Throughout a series of Hill hearings covering various defense topics—the future of budgets, security threats and emerging technologies—anxiety over cyberspace in the wake of the SolarWinds incident has permeated proceedings, leading lawmakers to ask witnesses what the government can do to secure what has become a locus of national security activity.
As the 117th Congress gets rolling on legislative activity, experts told lawmakers to focus on “what we really care about”: technological security. Last week, Todd Harrison, the director for defense budget analysis at the Center for Strategic and International Studies, testified before the House Appropriations defense subcommittee that even in a circumstance where top-line Defense Department budgets might decrease, investments in cybersecurity and attack capabilities should be prioritized.
“I think it's also important that these are areas that need to be addressed in a strategically focused roles and missions review,” Harrison said, adding that cyber and space are not traditional operating domains. “I don't think we have clear allocation of roles and responsibilities in these areas to ensure we don't have gaps or redundancies across the services.”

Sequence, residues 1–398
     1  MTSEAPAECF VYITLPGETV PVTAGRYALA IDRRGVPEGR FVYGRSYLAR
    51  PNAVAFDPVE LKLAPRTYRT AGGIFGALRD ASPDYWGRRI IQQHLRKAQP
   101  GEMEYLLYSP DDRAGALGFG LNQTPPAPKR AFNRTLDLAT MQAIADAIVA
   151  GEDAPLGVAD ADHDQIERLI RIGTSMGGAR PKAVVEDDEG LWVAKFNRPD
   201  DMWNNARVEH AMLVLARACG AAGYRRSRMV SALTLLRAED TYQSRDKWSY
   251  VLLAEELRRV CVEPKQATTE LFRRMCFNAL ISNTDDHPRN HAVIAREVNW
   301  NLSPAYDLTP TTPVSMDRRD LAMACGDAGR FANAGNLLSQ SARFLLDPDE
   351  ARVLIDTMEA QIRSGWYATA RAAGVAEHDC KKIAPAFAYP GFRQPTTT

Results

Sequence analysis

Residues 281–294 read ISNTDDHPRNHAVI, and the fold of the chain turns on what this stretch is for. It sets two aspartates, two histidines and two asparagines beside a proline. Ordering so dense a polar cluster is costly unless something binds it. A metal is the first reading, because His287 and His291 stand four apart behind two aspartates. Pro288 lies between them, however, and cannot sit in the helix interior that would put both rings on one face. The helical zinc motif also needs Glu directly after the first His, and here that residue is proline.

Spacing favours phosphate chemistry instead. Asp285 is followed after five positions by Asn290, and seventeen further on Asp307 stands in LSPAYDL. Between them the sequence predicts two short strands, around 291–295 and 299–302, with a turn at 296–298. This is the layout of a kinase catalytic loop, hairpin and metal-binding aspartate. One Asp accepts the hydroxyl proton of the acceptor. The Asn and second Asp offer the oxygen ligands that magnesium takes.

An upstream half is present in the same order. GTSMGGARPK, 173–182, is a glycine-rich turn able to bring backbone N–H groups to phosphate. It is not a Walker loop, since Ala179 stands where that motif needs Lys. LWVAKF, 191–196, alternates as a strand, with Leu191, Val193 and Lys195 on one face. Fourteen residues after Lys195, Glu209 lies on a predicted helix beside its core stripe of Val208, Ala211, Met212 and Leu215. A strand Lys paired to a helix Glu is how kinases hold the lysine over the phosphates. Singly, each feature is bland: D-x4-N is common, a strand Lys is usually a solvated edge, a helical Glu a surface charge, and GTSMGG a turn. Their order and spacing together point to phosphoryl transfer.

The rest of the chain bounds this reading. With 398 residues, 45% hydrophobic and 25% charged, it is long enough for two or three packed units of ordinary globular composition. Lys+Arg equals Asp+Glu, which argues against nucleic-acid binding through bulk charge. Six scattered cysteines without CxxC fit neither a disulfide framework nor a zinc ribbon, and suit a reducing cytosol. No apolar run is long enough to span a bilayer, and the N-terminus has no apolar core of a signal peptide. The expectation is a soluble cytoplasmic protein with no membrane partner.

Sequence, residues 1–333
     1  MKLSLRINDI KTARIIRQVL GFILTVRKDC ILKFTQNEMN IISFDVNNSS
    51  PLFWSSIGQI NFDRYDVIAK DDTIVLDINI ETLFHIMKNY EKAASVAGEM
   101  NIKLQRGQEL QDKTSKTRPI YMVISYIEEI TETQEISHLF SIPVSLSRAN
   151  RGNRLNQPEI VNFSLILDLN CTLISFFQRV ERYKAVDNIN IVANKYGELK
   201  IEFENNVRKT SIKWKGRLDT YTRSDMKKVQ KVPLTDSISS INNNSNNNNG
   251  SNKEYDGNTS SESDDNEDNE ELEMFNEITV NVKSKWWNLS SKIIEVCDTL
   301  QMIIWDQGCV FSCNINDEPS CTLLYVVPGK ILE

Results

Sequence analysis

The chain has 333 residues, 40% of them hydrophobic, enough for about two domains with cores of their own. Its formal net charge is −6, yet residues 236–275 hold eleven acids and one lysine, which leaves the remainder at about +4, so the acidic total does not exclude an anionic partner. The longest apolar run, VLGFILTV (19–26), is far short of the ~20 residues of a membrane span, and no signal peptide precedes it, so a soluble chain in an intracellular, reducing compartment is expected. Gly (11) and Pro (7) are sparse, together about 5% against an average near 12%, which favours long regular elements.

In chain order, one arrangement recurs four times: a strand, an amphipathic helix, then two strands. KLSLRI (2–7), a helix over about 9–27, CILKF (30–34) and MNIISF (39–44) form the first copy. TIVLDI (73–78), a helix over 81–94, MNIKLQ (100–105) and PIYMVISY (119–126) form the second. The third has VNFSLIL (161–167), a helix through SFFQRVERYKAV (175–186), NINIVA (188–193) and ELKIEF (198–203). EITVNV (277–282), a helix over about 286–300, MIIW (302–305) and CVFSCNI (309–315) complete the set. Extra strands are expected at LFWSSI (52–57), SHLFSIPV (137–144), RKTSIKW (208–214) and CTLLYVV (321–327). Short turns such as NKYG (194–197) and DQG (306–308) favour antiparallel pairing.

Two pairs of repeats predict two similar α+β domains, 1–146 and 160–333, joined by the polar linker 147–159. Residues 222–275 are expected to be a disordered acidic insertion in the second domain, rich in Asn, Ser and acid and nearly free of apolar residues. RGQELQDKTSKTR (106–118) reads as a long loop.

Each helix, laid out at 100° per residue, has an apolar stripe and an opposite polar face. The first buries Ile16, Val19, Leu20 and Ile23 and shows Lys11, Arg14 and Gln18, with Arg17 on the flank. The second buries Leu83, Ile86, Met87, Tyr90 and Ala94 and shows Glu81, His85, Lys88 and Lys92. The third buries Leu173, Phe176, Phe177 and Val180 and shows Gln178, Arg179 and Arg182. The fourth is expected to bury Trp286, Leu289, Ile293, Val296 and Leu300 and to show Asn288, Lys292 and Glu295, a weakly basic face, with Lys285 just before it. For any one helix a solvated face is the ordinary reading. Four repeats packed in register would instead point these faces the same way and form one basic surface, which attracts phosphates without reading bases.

Another witness, the Brookings Institution’s Thomas Wright advised the Senate Armed Services Committee Tuesday to reconsider how it thinks of burden-sharing with regard to the North Atlantic Treaty Organization. NATO could help the U.S. counter China on a critical frontier: 5G.
Former President Donald Trump was well-known as a NATO critic, often advocating for allied nations to go beyond the requirement to spend 2% of gross domestic product on defense. While Wright said burden sharing is important, he suggested it would be ..